An image each Vincentian should consider! It is a simple image of people imperiled by a river flooding out of control. Read on to learn how a Franciscan uses that image to explore various approaches to saving people.
Articles for ministry
When St. Vincent asked “What must be done?” he looked beyond what was always done. Is there a better way of doing what we have always done?
On the anniversary of the establishment of the Confraternities of Charity, I am struck by a still under the radar phenomenon springing up among Vincentian laity in various professions.
St. Louise de Marillac was a pioneer social worker, educator, and advocate. Her projects were implemented according to surprisingly modern standards of care and were the basis for other developments in their respective fields.
A SlideShare presentation based on an article by Sr. Gertrude Foley, S.C. looks at St. Elizabeth Ann Seton’s “spirituality for mission”… a guide for present-day Vincentians to avoid some of the ways that we block our own effectiveness as servants of God.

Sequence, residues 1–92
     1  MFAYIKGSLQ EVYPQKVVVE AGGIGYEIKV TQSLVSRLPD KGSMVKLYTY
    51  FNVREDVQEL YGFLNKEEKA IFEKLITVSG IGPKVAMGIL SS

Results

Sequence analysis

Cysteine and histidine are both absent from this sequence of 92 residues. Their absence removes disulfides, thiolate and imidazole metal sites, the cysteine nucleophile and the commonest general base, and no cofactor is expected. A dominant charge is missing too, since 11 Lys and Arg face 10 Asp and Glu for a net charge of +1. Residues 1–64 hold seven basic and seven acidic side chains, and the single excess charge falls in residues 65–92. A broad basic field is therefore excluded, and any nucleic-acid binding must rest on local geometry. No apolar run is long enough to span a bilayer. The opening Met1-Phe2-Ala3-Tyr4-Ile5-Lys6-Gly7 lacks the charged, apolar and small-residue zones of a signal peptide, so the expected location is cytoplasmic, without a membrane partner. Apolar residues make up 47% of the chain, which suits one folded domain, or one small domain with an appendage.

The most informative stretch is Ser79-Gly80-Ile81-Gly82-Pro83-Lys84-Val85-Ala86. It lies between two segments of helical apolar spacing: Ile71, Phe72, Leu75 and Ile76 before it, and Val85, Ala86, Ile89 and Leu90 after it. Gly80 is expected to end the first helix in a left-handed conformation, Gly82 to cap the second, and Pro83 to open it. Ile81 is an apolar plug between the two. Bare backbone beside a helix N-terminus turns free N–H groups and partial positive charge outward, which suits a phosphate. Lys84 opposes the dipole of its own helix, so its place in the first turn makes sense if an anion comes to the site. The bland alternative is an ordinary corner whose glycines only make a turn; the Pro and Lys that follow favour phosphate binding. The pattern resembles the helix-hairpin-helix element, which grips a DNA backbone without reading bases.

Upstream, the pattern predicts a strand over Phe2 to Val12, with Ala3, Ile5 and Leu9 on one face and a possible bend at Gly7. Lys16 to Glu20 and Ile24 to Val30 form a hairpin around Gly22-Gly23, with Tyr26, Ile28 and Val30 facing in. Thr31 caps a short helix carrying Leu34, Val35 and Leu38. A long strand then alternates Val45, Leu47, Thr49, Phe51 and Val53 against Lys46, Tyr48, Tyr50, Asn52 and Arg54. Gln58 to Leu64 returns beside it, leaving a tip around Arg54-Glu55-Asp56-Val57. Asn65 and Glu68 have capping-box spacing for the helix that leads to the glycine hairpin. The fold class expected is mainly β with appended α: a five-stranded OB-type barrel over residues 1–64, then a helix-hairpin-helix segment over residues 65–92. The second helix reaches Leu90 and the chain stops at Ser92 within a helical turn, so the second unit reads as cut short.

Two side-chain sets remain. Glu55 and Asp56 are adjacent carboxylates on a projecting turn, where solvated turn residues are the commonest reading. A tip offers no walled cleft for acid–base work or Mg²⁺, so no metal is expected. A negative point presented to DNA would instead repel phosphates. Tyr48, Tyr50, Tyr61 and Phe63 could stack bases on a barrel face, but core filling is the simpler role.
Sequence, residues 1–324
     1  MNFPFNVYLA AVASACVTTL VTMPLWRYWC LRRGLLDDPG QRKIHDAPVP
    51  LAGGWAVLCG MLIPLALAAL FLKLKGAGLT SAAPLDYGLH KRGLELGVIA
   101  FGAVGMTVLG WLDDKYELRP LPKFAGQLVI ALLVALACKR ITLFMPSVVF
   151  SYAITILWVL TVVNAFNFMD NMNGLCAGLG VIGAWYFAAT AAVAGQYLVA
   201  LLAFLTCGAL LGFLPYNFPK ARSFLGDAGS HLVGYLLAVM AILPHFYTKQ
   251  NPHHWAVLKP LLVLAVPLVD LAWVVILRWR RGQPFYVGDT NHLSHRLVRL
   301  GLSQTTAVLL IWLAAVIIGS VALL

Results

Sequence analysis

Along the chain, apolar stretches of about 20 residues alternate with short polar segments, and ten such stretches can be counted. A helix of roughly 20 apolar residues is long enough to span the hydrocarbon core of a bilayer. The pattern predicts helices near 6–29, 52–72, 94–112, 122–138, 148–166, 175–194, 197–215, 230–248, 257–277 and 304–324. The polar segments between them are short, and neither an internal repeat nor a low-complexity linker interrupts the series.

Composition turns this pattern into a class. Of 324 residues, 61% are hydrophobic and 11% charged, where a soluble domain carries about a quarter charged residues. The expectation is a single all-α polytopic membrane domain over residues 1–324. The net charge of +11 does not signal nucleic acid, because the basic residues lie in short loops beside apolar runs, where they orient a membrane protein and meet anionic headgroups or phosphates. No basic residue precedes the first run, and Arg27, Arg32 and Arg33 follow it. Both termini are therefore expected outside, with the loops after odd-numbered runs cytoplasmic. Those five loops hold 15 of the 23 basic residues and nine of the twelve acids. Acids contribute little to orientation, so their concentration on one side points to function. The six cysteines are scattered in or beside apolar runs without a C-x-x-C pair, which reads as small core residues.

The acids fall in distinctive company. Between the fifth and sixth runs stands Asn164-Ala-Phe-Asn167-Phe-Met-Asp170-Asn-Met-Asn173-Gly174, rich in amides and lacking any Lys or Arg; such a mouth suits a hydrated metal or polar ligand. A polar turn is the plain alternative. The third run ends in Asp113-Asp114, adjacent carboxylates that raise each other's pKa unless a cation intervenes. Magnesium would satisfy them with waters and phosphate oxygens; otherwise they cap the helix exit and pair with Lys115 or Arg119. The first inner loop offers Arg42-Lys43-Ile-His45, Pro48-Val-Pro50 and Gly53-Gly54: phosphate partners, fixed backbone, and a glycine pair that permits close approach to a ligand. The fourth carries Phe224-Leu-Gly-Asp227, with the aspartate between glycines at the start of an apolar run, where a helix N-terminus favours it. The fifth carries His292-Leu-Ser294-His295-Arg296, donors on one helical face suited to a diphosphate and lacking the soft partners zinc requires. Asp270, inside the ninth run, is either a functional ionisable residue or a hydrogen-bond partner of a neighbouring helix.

On Pentecost, they received the gift of God’s Spirit and they realized they had a mission to accomplish. Pentecost changed them… but not fully. As we have seen in the readings of the Acts of the Apostles they still had a lot to learn about their mission.
On their Facebook page, The Vincentian Mission Corps wrote, Our volunteers just spent a wonderful weekend with Sr. Ann Marie and the Daughters of Charity in Evansville reflecting on community and friendship. Our volunteers get to enjoy a weekend at the guest house...
Finally we ask, are we persons of desire, swept up and swept away by the call God gives?
Are we able to operate not so much with answers or even programs, as necessary as they may be, but with vision, with hopes and dreams?
Will we stand alone, or will we stand with others, being a part of what is good in them, being more together than ever we could be alone? Our sisters and brothers in the body of Christ touch us, change us, soften us, and call us forward with their love.
Sometimes, maybe even many times, we walk into situations with preconceived notions about what is needed.
”Do we have the courage to go out of our comfort zones and serve?”